Problem Solver updates: Cable buried, free parking halted

AT&T has buried its cable, and with it former employee Ed Spletzer's rift with the company. Meanwhile, Chicago has ended free motorcycle parking in one Loop spot.

Ed Spletzer's roller-coaster relationship with AT&T is back on the ascent.

The Lake Barrington resident, who retired from the telecommunications giant in 1990 after 34 years of work, was featured in the June 16 What's Your Problem? column that described his ongoing effort to get AT&T to bury a cable in his backyard.

At the time, Spletzer wasn't sure which hurt more, the fact he couldn't get the line buried, or his former employer's seemingly cavalier attitude toward his situation.

After the Problem Solver inquired about the case, AT&T sent a crew out to assess the issue.

On June 18, workers began digging a trench for the cable, and on Thursday they completed their work.

An ecstatic Spletzer emailed that morning with an update.

"Although AT&T is still tidying up, the temporary cable across our patio has been removed and successfully buried," he wrote.

Spletzer, who is still proud to say he worked at AT&T, said he was glad it all worked out.

"It's almost as if the present AT&T captured a spark from the old AT&T I used to work for," he said.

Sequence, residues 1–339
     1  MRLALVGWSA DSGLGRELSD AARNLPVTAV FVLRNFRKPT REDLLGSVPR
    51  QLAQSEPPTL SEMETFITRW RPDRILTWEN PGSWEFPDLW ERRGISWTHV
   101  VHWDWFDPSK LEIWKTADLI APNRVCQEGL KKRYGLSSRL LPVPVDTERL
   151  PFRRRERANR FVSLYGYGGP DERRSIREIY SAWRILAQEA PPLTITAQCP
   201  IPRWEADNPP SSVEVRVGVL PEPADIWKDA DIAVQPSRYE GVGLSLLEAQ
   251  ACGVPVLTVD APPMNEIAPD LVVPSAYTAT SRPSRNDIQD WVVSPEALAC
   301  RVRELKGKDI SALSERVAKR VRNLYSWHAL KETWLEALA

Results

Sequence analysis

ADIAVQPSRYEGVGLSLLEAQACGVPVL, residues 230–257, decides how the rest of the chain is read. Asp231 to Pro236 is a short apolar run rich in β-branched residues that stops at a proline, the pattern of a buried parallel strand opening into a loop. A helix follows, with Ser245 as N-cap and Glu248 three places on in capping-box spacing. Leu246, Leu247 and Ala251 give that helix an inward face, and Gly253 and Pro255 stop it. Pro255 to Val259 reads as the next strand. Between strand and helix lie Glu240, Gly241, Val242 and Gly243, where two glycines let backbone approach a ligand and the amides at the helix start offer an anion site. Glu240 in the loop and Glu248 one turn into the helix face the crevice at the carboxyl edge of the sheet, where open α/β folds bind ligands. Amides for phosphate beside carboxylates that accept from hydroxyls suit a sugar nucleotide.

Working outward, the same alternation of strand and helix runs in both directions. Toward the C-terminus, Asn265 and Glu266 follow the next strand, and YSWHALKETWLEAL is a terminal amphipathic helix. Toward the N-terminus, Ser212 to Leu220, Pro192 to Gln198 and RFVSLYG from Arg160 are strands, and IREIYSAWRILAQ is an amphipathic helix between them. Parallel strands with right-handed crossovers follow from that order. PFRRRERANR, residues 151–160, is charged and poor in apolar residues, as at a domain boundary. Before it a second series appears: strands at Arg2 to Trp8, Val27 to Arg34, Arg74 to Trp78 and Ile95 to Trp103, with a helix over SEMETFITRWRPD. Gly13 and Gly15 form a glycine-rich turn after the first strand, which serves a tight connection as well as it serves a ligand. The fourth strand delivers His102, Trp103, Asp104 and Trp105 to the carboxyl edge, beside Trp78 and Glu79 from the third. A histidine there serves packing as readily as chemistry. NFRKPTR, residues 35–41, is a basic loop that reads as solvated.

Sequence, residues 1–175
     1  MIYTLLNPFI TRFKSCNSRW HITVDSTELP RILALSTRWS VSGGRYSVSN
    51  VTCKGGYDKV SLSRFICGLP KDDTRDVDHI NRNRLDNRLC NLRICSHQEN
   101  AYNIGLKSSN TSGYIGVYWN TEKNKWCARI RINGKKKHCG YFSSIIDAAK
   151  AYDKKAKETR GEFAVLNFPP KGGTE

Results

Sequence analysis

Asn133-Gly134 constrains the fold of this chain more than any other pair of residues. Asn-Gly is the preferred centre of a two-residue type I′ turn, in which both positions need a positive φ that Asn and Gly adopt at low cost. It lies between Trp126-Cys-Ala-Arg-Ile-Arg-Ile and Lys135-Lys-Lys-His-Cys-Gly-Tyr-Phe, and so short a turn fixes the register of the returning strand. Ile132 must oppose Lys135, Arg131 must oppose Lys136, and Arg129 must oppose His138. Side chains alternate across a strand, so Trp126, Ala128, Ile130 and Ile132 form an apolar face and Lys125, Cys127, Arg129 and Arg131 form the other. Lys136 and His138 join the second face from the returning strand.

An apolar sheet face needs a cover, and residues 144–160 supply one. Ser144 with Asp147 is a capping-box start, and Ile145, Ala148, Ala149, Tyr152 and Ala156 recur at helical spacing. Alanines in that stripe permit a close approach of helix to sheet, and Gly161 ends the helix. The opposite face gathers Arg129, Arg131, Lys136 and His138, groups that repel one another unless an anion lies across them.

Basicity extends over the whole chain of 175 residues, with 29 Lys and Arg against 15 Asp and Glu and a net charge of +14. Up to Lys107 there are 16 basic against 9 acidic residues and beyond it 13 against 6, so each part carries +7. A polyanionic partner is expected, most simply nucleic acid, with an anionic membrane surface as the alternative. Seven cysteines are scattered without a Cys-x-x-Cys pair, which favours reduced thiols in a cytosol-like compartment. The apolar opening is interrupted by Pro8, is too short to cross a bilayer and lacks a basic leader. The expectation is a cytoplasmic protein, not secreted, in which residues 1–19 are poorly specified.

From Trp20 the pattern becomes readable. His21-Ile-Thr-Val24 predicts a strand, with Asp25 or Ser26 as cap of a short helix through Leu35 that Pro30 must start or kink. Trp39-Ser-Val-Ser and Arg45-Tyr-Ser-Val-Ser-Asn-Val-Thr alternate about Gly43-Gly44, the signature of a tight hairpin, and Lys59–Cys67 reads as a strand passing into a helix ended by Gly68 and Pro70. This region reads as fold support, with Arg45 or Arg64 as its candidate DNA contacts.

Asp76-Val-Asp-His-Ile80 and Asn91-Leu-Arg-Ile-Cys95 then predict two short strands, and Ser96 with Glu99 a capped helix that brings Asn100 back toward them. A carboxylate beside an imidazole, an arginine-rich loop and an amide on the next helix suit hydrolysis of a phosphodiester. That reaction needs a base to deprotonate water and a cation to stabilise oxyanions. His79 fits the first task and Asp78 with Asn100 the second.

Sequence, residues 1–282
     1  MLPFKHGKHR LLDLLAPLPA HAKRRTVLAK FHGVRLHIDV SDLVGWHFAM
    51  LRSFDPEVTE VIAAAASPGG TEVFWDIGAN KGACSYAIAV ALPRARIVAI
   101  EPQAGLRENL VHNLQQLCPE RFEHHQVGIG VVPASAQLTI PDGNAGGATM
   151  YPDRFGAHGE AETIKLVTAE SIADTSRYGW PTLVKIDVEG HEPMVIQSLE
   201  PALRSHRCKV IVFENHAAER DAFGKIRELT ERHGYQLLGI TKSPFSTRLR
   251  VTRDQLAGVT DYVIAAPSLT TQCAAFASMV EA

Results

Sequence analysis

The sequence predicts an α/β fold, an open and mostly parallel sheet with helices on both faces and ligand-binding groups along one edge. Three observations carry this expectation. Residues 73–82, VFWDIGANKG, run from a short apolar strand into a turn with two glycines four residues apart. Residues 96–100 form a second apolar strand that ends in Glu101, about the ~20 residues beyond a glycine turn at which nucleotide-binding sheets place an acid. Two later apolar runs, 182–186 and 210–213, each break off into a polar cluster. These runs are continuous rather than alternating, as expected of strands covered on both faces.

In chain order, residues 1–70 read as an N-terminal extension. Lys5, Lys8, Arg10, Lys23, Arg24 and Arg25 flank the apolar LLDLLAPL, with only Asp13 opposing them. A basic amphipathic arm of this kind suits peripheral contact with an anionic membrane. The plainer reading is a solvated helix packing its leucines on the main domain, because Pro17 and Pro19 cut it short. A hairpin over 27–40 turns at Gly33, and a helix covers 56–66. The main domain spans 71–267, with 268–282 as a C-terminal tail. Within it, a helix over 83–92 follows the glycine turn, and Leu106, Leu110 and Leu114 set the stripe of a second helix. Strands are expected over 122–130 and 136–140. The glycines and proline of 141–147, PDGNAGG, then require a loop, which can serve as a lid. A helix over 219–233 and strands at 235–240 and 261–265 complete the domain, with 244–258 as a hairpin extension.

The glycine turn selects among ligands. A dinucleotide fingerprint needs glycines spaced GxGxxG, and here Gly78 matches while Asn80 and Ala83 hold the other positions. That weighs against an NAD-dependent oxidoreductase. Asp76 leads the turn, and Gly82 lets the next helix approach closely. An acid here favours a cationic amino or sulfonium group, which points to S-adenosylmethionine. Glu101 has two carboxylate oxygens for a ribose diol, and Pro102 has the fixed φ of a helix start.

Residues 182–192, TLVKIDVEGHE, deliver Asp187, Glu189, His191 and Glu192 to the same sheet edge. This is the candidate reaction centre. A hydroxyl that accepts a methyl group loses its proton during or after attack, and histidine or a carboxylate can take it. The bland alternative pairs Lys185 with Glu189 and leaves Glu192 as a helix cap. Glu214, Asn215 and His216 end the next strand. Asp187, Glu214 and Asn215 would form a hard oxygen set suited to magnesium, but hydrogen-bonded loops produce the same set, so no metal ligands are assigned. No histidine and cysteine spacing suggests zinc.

Spot remover

There will be no more free motorcycle parking on Randolph Street near State Street.

Last week, city crews erected a "tow zone" sign at the intersection, making it illegal to park in the previously unmarked area where Loreen Targos and others had been leaving their motorcycles for months.

The Problem Solver first wrote about Targos in September, when the Loop resident began receiving tickets for parking her 1996 Honda VT 600 in the space.

In the past year, she received 53 tickets, all but two of which were thrown out by administrative law judges. Targos said she has appealed the two tickets.

After the Problem Solver wrote about the issue, other motorcycles began to be parked there as well. At times there were up to 10 motorcycles parked in the un-metered area.

Targos said she isn't upset that the city removed the free spots.

"I had been saying all along, if they're going to ticket me relentlessly, could they please find ONE ordinance that I am violating?" she wrote in an email. "Now that they've put up a sign, I appreciate knowing that that spot is prohibited, and I have moved my vehicle accordingly. I wish I could give THEM a ticket for NOT having a sign posted, as required in the ordinance they cited me for, yet ticketing me as if there WAS one posted."

Targos said she thinks the sign prohibiting parking in the area is unnecessary but she will abide by it.

She remains one step ahead of the city.

"By chance, I actually found another spot that's just as close," she said. "I haven't been ticketed there yet."

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